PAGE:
For more from the archives see this week’s Tribunes here

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Archive News

Ruby ready to rock again and Bob is worth a big flutter in Gold Cup

Bernie Ni Fhlatharta

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Date Published: 06-Mar-2013

New edge to Galway hurling championship title pursuit

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Archive News

A battle of talent and the ability to pull in public votes

Bernie Ni Fhlatharta

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Date Published: 11-Mar-2013

Here is a question. And there is no holiday or grand prize for getting the answer. But can anyone name the people who have won The Voice of Ireland and what has become of them?

Over across the water in the UK they have The X Factor and while I hate the concept of it, it has produced a few stars even though they don’t last long in the whole scheme of things.

But The Voice of Ireland seems to generate false excitement with the winner ending up become more anonymous than they already were. And it is costing families a fortune in the process.

While the programme is a ratings winner, strangely, it has resulted in those getting through to the final stages investing huge amounts of money in the hope that they will receive enough votes to get through to the next stages.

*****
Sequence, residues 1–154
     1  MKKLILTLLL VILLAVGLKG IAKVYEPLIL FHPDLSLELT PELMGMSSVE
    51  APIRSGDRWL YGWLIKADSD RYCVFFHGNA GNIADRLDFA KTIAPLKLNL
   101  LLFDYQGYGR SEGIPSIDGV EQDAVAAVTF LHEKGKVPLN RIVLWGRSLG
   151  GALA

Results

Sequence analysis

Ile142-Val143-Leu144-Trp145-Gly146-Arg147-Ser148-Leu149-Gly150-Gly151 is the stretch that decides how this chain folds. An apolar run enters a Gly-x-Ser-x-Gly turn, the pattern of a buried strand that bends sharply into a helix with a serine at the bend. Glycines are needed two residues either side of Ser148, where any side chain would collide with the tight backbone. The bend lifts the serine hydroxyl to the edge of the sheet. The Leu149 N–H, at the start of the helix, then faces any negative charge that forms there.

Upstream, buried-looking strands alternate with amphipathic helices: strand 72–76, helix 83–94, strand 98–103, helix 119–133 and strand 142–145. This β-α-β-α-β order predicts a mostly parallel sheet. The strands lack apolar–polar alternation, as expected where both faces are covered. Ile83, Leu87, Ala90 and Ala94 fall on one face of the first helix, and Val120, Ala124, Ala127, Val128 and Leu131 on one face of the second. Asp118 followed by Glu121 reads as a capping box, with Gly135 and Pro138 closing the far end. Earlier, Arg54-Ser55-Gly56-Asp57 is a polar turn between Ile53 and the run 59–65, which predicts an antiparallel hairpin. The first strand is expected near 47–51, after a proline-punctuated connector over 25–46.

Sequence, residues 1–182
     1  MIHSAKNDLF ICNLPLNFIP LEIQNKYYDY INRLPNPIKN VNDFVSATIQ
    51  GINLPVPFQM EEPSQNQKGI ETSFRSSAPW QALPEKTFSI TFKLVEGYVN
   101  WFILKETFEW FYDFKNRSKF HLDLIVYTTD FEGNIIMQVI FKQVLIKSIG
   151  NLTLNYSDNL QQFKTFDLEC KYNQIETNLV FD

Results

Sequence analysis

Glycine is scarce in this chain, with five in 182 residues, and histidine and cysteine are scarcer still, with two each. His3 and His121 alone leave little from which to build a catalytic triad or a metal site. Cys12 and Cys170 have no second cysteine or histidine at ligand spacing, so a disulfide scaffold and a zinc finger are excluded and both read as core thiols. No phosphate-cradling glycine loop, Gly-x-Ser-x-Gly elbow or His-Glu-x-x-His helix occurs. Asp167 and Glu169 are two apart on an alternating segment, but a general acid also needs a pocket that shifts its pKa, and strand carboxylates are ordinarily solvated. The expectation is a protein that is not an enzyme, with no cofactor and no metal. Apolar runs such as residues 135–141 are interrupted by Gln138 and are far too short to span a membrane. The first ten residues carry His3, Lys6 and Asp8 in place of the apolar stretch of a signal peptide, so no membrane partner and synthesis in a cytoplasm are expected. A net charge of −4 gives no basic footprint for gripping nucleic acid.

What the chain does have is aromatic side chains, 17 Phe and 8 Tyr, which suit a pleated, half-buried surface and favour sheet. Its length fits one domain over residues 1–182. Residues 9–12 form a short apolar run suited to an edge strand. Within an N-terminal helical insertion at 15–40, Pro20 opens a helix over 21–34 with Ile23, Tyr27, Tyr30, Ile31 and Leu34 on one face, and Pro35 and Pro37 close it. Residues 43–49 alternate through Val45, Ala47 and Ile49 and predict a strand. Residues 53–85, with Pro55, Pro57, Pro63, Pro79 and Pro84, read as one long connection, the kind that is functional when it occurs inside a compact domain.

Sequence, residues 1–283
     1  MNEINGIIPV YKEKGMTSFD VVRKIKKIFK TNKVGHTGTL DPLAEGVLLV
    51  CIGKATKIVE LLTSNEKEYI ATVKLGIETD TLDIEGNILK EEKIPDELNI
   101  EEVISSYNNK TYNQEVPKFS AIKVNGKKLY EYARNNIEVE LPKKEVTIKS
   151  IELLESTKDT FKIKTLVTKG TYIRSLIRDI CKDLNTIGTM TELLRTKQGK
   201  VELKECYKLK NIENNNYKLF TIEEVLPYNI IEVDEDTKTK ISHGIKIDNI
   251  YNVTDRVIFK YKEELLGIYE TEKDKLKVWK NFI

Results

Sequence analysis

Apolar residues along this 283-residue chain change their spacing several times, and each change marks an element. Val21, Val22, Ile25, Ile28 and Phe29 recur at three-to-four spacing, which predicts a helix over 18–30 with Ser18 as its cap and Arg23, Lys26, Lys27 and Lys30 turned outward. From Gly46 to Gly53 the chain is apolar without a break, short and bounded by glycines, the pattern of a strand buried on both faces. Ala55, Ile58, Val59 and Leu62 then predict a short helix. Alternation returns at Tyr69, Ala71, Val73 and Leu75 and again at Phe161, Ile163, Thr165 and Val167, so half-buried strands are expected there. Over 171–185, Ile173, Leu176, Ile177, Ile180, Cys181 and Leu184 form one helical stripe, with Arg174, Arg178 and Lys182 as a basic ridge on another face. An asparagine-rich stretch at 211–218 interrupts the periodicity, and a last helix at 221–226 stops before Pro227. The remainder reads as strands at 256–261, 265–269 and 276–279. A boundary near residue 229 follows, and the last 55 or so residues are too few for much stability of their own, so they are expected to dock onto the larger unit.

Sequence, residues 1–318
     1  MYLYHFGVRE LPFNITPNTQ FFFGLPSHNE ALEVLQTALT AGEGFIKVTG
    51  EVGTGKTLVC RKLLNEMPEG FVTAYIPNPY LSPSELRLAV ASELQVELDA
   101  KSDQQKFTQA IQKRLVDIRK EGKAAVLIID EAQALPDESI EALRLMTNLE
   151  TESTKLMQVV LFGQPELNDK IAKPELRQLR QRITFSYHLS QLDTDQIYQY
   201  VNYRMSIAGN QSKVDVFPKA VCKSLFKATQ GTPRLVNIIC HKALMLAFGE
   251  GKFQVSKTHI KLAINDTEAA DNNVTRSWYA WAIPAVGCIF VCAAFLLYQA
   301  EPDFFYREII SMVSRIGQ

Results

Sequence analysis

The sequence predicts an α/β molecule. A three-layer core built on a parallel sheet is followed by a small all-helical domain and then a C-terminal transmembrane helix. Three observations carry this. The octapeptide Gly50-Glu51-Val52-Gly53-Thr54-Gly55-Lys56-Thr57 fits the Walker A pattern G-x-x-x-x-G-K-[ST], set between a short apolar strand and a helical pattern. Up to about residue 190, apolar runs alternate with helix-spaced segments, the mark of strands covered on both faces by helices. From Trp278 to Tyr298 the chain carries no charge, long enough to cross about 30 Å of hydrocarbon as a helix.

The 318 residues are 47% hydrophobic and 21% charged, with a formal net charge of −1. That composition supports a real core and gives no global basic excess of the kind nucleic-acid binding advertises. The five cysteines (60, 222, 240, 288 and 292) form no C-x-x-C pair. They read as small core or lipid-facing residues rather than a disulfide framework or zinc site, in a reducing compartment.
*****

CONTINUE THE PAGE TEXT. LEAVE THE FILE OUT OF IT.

So, suddenly, it is not about the voice or the talent involved, it is all about votes and who the participants can convince to pledge their support for them. So it is obvious that talent goes out the window.

It means that someone with half a talent could realistically win the whole thing if they generated enough support behind them. From now on, the judges will be taken out of the equation and it will be left to the public to generate income for some phone operator.

Those who get through to the live performances have to engage in a massive publicity campaign in an effort to win votes which makes this whole effort a pure sham. It is no longer about their ability and just an effort to win appeal.

While the initial process does involve some vetting of the acts, now it becomes a general election type exercise in which the most popular will win the competition and the judges will have no say whatsoever.

It is a bit like the recent Eurosong in which the judging panel across the country voted for their favourite song, which incidentally was the best of a very bad lot, but then this was overturned by the public who chose a relatively crap song to represent us.

But again, this was all down to convincing the public about who to vote for rather than having any bearing on the quality on offer. There are times that genuine talent becomes overlooked because of the need to extract money from the voting public.

For more, read this week’s Connacht Sentinel.